Property owners in the Penn-Trafford School District will pay more in taxes, but the increase is not due to the district’s high school renovation project.
By a 7-1 vote last week, the school board approved a $49.7 million budget for the 2014-15 school year, calling for a 2-mill tax increase for Westmoreland County property owners. The millage rate was increased by 0.21 mills to 16.36 mills for those district residents who live in Trafford in Allegheny County.
Half of the millage increase will go toward paying the district’s state-mandated portion of employee pensions, which will rise from 16.9 to 21.4 percent of the salary of each district employee covered by the state retirement system next year. The remainder of the increase has been designated for district operating expenses.
According to district business manager Brett Lago, the increase means the average property owner will pay $60 more each year.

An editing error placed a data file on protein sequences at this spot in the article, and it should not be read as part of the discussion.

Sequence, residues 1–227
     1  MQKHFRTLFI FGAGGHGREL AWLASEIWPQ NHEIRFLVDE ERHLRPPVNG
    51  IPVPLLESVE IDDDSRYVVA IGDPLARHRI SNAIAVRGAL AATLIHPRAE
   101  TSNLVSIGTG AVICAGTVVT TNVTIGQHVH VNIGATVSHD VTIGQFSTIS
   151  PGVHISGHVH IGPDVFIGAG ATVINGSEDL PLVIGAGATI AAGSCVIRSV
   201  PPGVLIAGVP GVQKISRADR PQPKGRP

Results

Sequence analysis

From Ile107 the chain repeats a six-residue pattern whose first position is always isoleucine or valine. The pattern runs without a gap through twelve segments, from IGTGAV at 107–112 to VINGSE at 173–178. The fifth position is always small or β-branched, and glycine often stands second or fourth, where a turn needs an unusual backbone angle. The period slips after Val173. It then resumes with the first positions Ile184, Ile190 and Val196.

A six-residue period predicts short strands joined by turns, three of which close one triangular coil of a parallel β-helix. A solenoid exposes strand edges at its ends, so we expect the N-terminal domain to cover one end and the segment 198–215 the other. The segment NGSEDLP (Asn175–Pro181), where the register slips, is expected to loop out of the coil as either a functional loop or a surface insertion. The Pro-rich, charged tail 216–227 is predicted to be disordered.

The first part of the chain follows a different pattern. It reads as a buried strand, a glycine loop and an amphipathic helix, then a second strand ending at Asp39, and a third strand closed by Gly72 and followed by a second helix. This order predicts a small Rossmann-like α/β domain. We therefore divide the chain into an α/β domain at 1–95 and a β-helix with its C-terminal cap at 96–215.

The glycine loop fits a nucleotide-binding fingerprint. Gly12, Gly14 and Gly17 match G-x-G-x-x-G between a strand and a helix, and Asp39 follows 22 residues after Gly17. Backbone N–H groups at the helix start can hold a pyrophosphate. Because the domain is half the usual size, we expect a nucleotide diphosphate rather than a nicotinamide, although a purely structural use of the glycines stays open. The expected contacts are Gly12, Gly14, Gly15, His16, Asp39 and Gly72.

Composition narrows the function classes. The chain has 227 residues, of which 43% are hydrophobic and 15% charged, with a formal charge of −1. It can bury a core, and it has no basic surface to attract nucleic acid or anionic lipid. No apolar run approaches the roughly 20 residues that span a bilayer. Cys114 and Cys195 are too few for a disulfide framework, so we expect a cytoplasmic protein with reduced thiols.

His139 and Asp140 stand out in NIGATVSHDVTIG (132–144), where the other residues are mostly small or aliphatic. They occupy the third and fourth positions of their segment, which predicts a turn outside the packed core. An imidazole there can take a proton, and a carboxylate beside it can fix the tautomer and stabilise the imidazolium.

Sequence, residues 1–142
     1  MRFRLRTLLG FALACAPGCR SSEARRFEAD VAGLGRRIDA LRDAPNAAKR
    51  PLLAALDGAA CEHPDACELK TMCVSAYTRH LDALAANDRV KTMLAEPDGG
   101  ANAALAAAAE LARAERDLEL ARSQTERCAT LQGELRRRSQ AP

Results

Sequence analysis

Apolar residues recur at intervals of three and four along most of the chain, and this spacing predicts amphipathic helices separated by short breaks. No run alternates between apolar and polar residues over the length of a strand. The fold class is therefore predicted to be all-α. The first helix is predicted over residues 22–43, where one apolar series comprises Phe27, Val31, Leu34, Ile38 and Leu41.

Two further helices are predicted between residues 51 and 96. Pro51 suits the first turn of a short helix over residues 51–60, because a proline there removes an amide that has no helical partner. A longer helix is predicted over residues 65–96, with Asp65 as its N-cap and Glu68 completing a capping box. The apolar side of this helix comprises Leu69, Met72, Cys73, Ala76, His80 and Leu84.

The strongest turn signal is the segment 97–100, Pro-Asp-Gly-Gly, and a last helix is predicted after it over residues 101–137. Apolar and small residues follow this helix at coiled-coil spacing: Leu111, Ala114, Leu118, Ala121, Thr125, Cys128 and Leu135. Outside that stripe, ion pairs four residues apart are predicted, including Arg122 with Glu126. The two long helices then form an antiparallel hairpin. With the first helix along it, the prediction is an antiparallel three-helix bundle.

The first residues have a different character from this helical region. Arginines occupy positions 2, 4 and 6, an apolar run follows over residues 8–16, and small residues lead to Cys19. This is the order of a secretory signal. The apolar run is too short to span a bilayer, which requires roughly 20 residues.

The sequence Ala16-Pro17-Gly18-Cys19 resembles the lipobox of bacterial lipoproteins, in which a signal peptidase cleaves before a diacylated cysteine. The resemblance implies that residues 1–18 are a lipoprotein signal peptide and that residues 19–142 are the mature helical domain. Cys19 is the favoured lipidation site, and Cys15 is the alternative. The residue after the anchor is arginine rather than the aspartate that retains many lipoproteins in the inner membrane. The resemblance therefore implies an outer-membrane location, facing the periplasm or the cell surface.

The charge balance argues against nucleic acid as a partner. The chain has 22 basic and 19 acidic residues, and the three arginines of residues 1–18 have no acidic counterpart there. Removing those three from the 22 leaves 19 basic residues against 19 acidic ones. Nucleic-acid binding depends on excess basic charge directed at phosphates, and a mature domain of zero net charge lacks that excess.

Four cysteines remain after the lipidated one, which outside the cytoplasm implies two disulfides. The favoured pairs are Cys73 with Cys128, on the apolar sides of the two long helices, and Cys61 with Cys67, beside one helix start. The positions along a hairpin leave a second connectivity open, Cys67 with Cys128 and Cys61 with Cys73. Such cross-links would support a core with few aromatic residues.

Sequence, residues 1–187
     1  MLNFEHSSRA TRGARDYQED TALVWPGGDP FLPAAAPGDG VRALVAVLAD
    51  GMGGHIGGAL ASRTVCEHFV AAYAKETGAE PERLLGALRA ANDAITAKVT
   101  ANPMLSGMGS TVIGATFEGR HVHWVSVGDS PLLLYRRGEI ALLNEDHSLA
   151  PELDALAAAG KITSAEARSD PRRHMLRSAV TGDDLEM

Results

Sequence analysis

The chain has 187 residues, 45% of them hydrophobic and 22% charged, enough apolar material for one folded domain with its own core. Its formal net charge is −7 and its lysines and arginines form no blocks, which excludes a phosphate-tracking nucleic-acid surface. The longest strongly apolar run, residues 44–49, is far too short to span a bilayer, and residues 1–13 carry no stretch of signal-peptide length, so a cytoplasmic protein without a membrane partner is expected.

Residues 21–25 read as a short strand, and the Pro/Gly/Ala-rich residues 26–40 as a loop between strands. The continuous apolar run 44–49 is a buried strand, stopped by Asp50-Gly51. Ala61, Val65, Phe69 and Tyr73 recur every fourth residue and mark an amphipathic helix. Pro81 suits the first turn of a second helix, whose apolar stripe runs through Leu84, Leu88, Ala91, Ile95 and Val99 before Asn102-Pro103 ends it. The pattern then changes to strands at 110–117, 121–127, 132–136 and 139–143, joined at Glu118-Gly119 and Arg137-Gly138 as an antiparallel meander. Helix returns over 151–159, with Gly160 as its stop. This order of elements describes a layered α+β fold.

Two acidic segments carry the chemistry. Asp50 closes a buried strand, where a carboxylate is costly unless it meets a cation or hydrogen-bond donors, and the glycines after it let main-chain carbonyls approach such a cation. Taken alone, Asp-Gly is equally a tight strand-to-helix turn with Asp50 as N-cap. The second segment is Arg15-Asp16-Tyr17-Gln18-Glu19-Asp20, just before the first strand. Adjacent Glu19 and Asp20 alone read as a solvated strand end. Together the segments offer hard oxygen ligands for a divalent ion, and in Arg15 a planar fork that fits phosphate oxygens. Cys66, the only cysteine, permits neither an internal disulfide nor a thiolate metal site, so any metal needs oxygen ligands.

“It’s not the most popular answer, but at this point there’s not many more ways to find savings,” superintendent Matt Harris said.
In the meantime, he warned taxpayers that future tax increases may be necessary to meet the district’s pension obligations.
Director Scott Koscho was the lone board member to vote against the increase. He said he favored a 1-mill increase dedicated solely to the district’s reserve fund for pensions. Board member Dallas Leonard was absent from the meeting.
The board was adamant, however, that the increase in taxes was not due to the high school renovation project, which is set to begin and is expected to be completed by August 2016.
The district had set aside $32 million for the project. The amount did not account for the board’s wish list, which consisted of 10 items, including a skylight for the library and a high school annex.
It was announced that bids for the project had come in lower than expected, allowing the district to include eight of the additional items. The only items not included will be a new restroom at the stadium and additional stadium parking.
Project architect Hank Tkasik said the project’s total cost is now about $31.24 million. The district has secured a 17-year loan to finance the project.
Linda Metz, freelance writer: firstname.lastname@example.org.